How do we get out of the quagmire of low growth, low wage growth, high inflation and low productivity?
74% want to leave job?
The “bonus” outlook for this year does not look very good too – “Amongst the 60 per cent of respondents who received bonuses this year, 74 per cent were dissatisfied with the payout.
26 per cent indicated their bonus had increased compared to last year. 33 per cent said their bonus remained the same, while 40 per cent reported receiving lower bonuses.
Among respondents who received bonuses, 75 per cent indicated they are harbouring intentions of leaving the company” (“74% of S’poreans unhappy with bonus payout: survey“, Channel NewsAsia, May 6)
20th percentile households’ income grew 15% since 2000?
In contrast to the above stark statistics, the Ministry of Finance in its reply “Social cohesion not left to market forces” (Straits Times forum, May 22) to PAUL Chan Poh Hoi’s letter “Rising inequality may not lift all boats” (Straits Times forum, May 16), said “However, his bleak portrayal of incomes over the last decade or two was inaccurate.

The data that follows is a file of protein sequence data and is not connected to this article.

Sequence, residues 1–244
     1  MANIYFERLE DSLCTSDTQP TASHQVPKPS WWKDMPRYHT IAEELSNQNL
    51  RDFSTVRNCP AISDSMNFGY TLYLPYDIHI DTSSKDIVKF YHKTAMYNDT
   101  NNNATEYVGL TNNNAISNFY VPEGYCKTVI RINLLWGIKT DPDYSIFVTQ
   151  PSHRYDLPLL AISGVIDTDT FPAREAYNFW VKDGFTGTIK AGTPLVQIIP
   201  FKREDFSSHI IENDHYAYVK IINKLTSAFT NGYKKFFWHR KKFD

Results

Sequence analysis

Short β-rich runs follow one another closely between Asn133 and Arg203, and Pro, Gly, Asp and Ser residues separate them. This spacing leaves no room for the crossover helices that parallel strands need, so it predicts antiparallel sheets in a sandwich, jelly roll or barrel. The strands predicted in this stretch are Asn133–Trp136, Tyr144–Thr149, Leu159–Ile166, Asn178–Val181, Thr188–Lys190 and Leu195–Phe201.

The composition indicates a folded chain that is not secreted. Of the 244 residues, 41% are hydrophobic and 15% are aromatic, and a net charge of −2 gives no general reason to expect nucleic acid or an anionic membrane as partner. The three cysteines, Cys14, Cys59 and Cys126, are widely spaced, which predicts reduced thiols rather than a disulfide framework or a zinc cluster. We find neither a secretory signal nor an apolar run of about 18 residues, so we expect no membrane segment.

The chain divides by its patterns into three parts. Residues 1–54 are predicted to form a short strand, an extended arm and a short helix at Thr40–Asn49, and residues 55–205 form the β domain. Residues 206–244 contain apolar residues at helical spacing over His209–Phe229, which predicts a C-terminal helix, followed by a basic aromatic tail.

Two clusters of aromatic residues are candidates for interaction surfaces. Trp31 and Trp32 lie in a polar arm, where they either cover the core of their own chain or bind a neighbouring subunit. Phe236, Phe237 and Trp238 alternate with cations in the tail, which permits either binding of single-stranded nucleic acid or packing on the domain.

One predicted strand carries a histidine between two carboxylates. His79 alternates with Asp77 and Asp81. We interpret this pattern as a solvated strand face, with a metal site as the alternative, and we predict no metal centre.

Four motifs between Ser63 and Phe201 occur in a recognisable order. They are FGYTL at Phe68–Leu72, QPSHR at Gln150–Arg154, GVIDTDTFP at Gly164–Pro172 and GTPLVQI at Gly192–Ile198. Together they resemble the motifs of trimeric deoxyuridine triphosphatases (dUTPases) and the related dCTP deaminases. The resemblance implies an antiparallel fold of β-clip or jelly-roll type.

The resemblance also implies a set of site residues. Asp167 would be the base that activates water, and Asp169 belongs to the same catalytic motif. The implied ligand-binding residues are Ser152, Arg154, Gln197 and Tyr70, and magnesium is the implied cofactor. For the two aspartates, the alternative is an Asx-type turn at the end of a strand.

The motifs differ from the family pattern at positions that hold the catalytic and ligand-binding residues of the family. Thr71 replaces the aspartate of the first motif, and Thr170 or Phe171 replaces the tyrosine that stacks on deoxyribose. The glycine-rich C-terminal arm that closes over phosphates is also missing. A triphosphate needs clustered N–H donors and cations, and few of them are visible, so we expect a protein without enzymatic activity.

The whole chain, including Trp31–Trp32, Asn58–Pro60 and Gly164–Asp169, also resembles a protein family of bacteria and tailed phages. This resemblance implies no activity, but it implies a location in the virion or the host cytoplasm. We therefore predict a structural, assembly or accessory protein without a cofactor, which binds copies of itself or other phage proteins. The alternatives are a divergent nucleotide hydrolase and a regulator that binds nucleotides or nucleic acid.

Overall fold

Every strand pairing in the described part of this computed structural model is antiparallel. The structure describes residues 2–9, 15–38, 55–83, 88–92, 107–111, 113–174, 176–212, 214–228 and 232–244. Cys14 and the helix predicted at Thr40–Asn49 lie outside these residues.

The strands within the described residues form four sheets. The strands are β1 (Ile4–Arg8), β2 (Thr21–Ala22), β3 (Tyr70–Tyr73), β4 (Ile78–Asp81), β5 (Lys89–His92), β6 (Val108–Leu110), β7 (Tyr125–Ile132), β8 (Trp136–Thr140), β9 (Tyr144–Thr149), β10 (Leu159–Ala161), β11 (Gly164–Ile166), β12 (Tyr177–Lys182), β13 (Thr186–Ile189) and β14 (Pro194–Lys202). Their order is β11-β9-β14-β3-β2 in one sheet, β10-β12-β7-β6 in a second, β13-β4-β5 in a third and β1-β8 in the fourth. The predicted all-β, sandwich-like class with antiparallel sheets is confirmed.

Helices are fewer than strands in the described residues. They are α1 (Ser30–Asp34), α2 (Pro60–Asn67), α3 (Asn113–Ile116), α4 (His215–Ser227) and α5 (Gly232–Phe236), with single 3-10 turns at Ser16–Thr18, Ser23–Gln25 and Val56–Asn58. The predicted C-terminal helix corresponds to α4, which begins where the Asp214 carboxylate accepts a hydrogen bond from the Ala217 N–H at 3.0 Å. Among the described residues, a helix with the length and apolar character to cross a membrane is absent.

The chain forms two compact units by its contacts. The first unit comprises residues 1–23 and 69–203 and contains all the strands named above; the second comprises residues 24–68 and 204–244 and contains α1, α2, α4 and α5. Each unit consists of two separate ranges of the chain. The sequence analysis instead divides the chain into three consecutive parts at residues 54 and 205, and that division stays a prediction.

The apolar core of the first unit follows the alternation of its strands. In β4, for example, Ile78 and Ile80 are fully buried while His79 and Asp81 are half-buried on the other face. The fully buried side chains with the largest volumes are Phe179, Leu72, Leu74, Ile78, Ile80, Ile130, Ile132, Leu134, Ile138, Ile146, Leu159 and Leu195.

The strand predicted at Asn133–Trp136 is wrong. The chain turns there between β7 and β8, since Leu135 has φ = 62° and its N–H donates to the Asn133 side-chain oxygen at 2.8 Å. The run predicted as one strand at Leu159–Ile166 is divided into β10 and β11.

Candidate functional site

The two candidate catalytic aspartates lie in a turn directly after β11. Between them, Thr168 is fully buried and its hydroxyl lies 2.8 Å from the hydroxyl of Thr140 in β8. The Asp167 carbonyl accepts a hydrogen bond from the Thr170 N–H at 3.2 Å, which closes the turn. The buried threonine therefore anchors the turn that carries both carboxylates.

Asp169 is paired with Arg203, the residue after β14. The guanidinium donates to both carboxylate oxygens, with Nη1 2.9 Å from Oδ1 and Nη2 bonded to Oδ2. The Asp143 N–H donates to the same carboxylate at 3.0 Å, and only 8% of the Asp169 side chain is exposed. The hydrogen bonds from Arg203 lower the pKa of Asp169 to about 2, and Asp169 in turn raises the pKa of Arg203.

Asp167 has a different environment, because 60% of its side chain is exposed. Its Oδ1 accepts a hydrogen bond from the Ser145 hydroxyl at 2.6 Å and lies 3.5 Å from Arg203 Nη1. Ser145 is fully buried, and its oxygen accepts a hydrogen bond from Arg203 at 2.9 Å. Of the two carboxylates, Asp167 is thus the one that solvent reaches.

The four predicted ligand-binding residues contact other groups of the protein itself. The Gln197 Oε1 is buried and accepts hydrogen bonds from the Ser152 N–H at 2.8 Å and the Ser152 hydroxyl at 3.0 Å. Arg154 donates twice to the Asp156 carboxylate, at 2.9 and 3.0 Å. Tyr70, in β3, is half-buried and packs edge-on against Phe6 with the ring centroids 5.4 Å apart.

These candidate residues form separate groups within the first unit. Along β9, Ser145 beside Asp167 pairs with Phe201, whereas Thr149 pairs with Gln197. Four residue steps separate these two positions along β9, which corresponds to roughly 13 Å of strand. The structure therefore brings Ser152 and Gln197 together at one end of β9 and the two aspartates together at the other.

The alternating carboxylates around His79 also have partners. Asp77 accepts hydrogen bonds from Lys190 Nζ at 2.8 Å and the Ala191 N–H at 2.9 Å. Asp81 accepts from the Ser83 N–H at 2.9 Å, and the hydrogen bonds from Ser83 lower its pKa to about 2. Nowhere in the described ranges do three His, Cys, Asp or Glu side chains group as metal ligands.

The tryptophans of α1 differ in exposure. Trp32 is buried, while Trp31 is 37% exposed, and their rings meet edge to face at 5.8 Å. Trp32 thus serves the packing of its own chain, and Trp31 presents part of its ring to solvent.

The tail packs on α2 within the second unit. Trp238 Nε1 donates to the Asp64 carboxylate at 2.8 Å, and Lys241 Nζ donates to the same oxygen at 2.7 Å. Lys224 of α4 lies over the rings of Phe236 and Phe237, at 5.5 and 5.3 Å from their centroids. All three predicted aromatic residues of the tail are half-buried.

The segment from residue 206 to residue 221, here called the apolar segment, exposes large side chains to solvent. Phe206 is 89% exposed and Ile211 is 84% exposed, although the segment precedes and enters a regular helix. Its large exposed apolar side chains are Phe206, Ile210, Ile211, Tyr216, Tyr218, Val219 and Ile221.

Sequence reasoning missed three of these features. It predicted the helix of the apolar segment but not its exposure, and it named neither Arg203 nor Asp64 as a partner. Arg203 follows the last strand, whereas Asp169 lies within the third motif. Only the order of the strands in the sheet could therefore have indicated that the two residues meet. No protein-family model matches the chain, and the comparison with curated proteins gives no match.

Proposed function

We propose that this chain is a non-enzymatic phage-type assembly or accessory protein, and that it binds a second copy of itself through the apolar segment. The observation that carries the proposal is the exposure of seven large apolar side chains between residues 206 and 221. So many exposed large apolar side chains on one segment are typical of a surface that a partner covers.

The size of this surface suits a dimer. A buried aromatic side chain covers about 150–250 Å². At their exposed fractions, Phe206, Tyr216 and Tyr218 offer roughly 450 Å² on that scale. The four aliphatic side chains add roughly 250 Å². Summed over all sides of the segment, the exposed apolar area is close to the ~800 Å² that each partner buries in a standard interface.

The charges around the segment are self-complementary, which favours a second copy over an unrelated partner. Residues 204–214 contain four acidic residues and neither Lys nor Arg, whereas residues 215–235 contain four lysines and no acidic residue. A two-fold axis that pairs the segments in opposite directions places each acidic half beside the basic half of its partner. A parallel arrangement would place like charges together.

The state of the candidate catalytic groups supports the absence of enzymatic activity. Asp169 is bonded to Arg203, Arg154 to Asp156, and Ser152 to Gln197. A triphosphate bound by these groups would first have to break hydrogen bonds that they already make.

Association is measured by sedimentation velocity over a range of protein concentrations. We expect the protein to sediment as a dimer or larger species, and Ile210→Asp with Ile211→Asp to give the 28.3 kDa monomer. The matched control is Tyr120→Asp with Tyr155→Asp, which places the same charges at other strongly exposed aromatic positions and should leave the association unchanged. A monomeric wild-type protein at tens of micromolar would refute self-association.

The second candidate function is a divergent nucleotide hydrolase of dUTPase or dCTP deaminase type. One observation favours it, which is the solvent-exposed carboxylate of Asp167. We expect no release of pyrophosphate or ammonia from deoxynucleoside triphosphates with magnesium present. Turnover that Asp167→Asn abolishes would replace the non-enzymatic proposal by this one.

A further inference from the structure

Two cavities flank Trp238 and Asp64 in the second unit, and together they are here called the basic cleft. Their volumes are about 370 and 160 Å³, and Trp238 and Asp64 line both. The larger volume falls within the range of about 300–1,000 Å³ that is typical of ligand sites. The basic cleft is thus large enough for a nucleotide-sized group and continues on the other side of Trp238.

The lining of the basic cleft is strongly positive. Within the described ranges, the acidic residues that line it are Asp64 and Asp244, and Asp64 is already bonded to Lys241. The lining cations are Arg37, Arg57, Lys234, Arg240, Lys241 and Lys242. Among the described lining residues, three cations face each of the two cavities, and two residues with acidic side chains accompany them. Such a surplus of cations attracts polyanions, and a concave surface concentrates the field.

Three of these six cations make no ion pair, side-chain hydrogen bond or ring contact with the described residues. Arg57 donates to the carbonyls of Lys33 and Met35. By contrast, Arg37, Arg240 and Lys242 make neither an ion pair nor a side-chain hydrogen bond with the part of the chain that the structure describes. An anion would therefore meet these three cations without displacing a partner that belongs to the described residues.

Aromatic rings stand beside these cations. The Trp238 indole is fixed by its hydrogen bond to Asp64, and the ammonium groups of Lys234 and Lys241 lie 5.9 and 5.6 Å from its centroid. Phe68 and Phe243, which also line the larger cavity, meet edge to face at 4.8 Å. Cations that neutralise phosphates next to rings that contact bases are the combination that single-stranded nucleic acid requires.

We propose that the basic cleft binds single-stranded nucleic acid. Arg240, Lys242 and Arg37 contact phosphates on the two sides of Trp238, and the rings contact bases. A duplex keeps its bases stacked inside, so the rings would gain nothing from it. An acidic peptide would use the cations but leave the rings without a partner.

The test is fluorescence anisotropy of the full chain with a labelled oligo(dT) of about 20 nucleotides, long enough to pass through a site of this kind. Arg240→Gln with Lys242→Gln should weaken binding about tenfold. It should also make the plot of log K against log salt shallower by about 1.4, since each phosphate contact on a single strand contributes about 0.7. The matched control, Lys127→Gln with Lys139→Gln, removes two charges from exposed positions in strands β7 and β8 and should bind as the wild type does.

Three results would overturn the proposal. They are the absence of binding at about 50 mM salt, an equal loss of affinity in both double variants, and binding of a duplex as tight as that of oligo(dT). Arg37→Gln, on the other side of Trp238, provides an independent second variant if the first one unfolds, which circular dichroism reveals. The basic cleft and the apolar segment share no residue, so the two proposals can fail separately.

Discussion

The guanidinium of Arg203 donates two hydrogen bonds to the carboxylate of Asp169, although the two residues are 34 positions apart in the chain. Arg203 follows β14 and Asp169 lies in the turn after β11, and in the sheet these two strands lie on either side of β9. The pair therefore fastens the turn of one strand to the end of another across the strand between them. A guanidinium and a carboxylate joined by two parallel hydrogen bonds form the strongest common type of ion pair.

The median Singaporean household has seen income per member grow by 30 per cent since 2000 after adjusting for inflation. Households at the 20th income percentile experienced 15 per cent growth in real incomes. They have seen much greater gains since 1990.
Neither has there been a “price tsunami” since 1990. Consumer price index inflation in Singapore has averaged 2 per cent per year since then, below global inflation of 9 per cent.”
Does “since 2000″ mean from 2000 to now? If it is, then the annualised increase is only 2.2 and 1.2 per cent for the median and 20th percentile respectively, from 2000 to 2012.